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“Vo, Vo, Vo!" the old man cried,
And wring his hands in sorrow,
And I'll go home to-morrow.
This world so cold and dreary,
And pray for Caoch O'Leary.''
With “Pinch," I watched his bed that night,
Next day, his wish was granted;
And the Requiem Jass was chanted, -
Near Eily, Kate, and Mary,
OLD TIMES AND NEV.
'Twas in my easy chair at home,
About a week ago,
As usual, you must know.
I mused upon the Pilgrim flock,
Whose luck it was to land
Among the Plymouth sand.
Their weather beaten bark-
Behind, rolled Ocean dark.
A tear unbidden filled one eye,
My smoke had filled the other One sees strange sights at such a time,
Which quite the senses bother.
I knew I was alone-but lo!
(Let him who dares, deride me ;) I looked, and drawing up a chair, Down sat a man beside me.
His dress was ancient, and his air,
Was somewhat strange and foreign; He civilly returned my stare,
And said, “I'm Richard Warren.
6. You'll find my name among the list
Of hero, sage and martyr, Who, in the Mayflower's cabin, signed
The first New England charter.
“I could some curious facts impart
Perhaps, some wise suggestionsBut then I'm bent on seeing sights,
And running o'er with questions."
“Ask on," said I; “I'll do my best
To give you information, Whether of private men you ask,
Or our renowned nation."
Says he, “First tell me what is that
In your compartment narrow, Which seems to dry my eye balls up,
Aud scorch my very marrow.”
His finger pointed to the grate,
Said I, “That's Lehigh coal, Dug from the earth,''-he shook his head
* It is on my soul!!!
Upon a pipe just overhead
I turned a little screw.
Three streams of lightning flew.
Uprose my guest: “Now Heaven me save,”
Aloud he shouted; then, “Is that hell fire ?" Tis gas,” said I,
“We call it hydrogen.” Then forth into the fields we strolled;
A train came thundering by, Drawn by the snorting iron steed
Swifter than eagles ily.
Rumbled the wheels, the whistle sbrieked,
Far streamed the smoky cloud; Echoed the hills, the valleys shook,
The flying forest bowed.
Down on his knees, with hand upraised
In worship, Warren fell; “Great is the Lord our God," cried he;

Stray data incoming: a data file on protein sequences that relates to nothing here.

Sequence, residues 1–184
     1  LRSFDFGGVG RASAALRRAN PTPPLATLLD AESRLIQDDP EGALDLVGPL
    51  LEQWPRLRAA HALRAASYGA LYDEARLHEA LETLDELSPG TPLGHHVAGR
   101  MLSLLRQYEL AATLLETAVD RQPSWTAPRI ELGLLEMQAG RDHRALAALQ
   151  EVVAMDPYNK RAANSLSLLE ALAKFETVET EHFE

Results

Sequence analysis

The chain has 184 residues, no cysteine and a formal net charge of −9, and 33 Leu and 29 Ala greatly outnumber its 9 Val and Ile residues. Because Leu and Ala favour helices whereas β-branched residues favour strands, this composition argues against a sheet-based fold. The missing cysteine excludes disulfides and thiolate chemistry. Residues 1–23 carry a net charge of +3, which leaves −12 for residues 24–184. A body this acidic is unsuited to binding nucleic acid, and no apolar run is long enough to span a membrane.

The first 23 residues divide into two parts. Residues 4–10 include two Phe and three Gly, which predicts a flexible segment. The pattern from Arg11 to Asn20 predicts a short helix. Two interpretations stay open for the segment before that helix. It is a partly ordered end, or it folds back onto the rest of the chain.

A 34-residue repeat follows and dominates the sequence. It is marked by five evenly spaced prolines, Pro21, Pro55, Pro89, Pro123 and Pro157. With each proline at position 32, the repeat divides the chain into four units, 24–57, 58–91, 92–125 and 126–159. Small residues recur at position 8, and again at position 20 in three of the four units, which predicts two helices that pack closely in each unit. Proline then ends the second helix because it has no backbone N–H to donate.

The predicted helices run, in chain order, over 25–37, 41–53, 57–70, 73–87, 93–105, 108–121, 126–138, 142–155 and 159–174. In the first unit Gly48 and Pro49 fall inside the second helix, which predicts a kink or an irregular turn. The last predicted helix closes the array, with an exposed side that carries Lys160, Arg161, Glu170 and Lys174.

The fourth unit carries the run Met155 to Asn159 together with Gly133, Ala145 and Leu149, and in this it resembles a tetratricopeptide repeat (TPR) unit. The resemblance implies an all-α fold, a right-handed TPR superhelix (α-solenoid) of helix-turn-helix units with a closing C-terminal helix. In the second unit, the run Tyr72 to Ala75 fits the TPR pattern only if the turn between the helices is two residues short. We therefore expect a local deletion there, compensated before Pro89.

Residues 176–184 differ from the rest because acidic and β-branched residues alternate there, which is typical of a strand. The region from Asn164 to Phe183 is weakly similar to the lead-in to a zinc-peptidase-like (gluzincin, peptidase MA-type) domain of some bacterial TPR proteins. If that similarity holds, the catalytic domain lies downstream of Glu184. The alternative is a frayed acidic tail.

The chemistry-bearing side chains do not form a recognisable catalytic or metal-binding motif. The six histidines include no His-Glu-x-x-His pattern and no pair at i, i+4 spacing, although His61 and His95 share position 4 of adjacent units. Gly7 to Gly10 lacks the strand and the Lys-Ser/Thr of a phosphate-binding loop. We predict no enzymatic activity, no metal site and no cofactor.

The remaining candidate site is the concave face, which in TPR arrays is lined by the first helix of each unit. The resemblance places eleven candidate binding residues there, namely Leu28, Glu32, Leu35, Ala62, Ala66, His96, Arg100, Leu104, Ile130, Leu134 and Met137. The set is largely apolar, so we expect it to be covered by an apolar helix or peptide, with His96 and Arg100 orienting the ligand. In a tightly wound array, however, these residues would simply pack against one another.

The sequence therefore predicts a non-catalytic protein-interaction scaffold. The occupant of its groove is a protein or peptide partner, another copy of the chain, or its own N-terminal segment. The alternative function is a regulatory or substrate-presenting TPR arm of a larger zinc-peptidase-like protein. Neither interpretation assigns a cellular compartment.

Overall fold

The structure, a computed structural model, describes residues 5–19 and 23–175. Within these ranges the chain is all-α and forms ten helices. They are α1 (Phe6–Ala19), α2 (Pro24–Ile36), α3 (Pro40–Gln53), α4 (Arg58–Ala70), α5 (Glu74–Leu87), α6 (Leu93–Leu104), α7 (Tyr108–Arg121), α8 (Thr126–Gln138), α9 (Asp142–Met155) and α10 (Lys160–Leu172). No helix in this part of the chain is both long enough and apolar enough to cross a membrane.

“He doeth all things well.
“I've seen his chariots of fire,
The horsemen, too, thereof; Oh may I ne'er forget his ire,
Nor at his threatenings scoff.”
"Rise up, my friend, rise up,” said I,
“ Your terrors all are vain, That was no chariot of the sky,
'Twas the New York mail train."
We stood within a chamber small
Men came the news to know From Worcester, Springfield and New York,
Texas and Mexico.
“I mean the thing upon two legs,
With feathers on its licad-
Large as a feather-bed.
“It has the gift of speech, I hear;
But sure it can't be human !!! “My amiable friend,” said I,
That's what we call a woman !" “A woman! no_it cannot be."
Sighed lic, with voice that faltered :
But oh ! they're strangely altered.”
For turning eggs to chickens-
That beats the very dickens !
And said, “? Tis plain to see
'Twill never do for me.
“Your telegraphs, your railroad-trains,
Your gas lights, friction matches,
Your things which chickens batches,
No peace is left within it;'*
A. C. Spooner.
INVECTIVE AGAINST MR. FLOOD, (1783).
It is not the slander of an evil tongue that can defame me. I maintain my reputation in public and in private life. No man who has not a bad character can ever say that I deceived; no country can call me chcat. But I will suppose such a public character.
I will suppose such a man to have existence. I will begin with his character in its political cradle, and I will follow him to the last state of political dissolution. I will suppose him, in the first stage of his life, to have been intemperate; in the second, to have been corrupt; and in the last, seditious; that after an envenomed attack upon the persons and measures of a succession of viceroys, and after much declamation against their illegalities and their profusion, he'took office, and became a supporter of government when the profusion of ministers had greatly increased, and their crimes multiplied beyond example. At such a critical moment, I will suppose this gentleman to be cor rupted by a great sinecure office to muzzle his declama. tion, to swallow his invectives, to give his assent and vote to the ministers, and to become a supporter of gov. ernment, its measures, its embargo, and its American war, I will suppose, that with respect to the Constitution of his country, that part, for instance, which regarded the Mutiny Bill, when a clause of reference was introduced, whereby the articles of war, which were—or hereafter might bc-passed in England, should be current in Ireland without the interference of Parliament-when such a clause was in view, I will suppose this gentleman to have absconded. Again, when the bill was made perpetual, I will suppose him again to have absconded; but a year and a half after the bill had passed, then I will suppose this gentleman to have come forward, and to say that your Constitution had been destroyed by the Per petual Bill.
With respect to commerce, I will suppose this gentleman to have supported an embargo wbich lay on the country for three years, and almost destroyed it; and when an address in 1778, to open her trade, was propounded, to remain silent and inactive. In relation to three fourths of our fellow-subjects, the Catholics, when a bill was introduced to grant them rights of property and religion, I will suppose this gentleman to have come forth to give bis negative to their pretensions.
With regard to the liberties of America, which were inseparable from ours, I will suppose this gentleman to have been an enemy, decided and unreserved; that he voted against her liberty, and voted, moreover, for an address to send four thousand Irish troops to cut the